2005: The year the US government undermined the internet
And no, it's not what you're thinking
ICANN's efforts to turn itself into the Internet's government in this area stretch the phrase "redelegation" itself. Despite repeated requests by ccTLD owners themselves, it is ICANN that insists on calling the process of changing the name of the administrative or technical owners of a particular ccTLD "delegation".
The operators themselves prefer the terms "change of manager", "change of technical contact" and, in the case of more technical changes "change of name servers".
The advantage of the term "delegation" is that it has legal connotations. If you are delegating something, it automatically implies that the delegator has some form of legal authority over the delegee. This is something that most country code managers would strongly disagree with in the case of ICANN.
The case of Iraq
Why did the US government allow this sleight-of-hand from an organisation that it has overall control over? Simple: Iraq.
When the US government took over Afghanistan in 2001, it was fortunate in that the current ccTLD owner was killed during bombing of Kabul. It simple forged the man's signature on a piece of paper handing over control to the US-created authority and the job was done.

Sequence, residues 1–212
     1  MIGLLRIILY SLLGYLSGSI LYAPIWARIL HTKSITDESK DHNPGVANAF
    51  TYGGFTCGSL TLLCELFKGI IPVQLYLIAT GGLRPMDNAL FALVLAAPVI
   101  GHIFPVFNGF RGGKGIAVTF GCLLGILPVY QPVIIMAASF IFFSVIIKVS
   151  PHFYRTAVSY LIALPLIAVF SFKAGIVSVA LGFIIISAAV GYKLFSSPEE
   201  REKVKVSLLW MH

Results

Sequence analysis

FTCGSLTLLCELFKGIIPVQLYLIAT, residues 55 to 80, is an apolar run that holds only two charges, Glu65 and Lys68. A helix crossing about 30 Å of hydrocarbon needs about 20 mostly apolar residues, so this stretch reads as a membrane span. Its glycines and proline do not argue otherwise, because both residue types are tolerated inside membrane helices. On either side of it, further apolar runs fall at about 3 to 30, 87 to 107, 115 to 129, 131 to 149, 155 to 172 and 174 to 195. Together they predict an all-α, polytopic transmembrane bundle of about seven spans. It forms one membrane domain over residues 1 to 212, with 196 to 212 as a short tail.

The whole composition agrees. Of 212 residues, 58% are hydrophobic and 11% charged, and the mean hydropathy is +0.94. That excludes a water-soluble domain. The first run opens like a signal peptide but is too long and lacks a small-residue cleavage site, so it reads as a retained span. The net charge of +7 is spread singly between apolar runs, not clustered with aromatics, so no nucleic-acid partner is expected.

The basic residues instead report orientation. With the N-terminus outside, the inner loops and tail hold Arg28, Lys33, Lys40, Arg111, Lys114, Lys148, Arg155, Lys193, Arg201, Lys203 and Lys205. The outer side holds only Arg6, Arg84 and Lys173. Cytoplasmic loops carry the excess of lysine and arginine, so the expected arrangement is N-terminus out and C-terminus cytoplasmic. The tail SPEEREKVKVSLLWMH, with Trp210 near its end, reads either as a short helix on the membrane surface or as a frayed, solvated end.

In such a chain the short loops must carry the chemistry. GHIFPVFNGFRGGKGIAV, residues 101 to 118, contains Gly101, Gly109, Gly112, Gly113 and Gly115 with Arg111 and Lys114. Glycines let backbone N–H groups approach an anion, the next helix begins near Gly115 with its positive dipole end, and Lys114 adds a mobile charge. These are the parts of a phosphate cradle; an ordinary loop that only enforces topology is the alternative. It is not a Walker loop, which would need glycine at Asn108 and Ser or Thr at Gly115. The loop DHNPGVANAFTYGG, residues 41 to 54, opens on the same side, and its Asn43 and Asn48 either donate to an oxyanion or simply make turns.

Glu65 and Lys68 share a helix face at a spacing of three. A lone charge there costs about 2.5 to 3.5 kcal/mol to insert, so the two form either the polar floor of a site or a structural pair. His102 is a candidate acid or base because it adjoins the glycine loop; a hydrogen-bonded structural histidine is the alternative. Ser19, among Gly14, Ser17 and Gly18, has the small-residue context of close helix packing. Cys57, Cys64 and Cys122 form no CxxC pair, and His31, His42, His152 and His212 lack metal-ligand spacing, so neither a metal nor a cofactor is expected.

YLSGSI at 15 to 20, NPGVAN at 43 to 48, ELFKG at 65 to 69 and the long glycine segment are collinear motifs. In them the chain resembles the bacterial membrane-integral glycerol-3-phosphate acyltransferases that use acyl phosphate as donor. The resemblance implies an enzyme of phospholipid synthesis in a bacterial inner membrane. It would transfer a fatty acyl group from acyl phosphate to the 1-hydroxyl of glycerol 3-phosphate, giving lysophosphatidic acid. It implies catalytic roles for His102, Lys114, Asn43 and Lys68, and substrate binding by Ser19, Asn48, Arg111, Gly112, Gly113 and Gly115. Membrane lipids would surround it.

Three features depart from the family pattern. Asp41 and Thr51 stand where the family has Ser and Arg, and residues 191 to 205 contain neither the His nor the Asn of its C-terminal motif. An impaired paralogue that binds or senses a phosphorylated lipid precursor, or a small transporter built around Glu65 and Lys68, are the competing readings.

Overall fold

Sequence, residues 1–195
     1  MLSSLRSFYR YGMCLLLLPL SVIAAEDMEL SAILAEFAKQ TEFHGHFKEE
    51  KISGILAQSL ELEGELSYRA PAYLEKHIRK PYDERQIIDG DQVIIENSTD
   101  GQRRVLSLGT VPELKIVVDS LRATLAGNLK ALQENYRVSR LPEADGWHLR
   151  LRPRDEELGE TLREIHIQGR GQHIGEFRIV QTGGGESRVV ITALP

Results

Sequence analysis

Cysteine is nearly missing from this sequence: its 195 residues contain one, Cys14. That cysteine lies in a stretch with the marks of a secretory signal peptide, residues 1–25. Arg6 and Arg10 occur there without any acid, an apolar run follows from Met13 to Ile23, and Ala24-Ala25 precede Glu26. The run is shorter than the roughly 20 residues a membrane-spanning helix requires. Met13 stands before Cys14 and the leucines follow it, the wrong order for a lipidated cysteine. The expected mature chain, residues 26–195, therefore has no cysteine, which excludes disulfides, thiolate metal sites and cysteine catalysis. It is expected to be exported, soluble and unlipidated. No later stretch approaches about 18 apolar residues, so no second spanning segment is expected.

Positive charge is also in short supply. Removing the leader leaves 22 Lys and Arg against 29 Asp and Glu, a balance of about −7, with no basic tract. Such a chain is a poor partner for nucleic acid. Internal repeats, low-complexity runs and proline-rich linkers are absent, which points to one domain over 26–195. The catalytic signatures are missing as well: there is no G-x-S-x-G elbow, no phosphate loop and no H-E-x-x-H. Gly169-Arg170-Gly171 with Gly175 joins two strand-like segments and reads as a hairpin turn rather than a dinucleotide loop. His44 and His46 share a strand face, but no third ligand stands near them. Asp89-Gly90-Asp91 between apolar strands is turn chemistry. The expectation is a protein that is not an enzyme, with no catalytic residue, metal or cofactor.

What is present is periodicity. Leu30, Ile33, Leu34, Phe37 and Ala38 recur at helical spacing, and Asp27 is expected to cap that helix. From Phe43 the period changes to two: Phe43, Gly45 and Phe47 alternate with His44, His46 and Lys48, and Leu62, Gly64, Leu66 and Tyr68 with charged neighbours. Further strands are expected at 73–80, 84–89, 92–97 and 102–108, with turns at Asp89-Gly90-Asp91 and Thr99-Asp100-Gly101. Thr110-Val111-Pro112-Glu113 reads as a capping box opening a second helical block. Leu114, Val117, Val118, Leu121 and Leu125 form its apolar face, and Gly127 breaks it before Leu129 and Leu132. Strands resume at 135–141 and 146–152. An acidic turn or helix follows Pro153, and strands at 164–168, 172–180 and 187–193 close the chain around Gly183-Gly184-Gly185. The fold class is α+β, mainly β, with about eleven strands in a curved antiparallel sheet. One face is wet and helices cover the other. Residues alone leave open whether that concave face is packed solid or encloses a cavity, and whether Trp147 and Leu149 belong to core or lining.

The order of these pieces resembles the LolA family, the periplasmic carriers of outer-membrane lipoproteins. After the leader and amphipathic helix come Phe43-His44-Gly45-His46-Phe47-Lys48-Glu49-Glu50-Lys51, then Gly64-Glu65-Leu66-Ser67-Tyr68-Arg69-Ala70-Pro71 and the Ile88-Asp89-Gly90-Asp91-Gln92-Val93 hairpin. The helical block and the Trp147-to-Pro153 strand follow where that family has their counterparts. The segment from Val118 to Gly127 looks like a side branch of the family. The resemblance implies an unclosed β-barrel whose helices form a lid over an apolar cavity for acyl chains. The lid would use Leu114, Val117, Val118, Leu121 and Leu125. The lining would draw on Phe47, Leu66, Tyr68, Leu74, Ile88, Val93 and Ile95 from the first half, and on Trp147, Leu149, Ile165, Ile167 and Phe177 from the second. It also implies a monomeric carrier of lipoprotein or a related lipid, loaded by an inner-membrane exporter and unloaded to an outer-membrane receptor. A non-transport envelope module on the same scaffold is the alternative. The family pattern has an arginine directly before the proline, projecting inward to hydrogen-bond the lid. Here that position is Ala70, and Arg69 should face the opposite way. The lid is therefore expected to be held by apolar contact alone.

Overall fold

Control of Iraq's domain was far more complicated however. The .iq domain was registered instead to two brothers living in the US. The Elashi brothers and other members of their family at the time were also in US jail awaiting trial for funding terrorists - which in the end amounted to shipping computer parts to Libya and Syria and for which they all received hefty sentences.
The US was keen to turn over Iraq's internet over the US-run administration but the whole process was political dynamite. Head of the temporary government, Paul Bremer, wrote to ICANN head Paul Twomey requesting ownership of .iq, but Twomey had to say it wasn't possible because the rules dictated that the Elashi brothers agree - something that was pretty unlikely. We only found out about that letter a year later however, and the letter does not appear on ICANN's website.
The situation infuriated the US administration which immediately sought to change how things were done. At the same time however, the US government could not be seen to be demanding that the .iq domain be handed over to whoever it said, because it would undermine its very position at the head of the Internet. It was also inevitable that any such move would attract media attention and criticism.
And so a method was devised by Washington and ICANN to ensure that the rules could be bent. And so they have been. As a result no one single soul is better off, and governments have been given control over the internet by the backdoor. Now you know. ®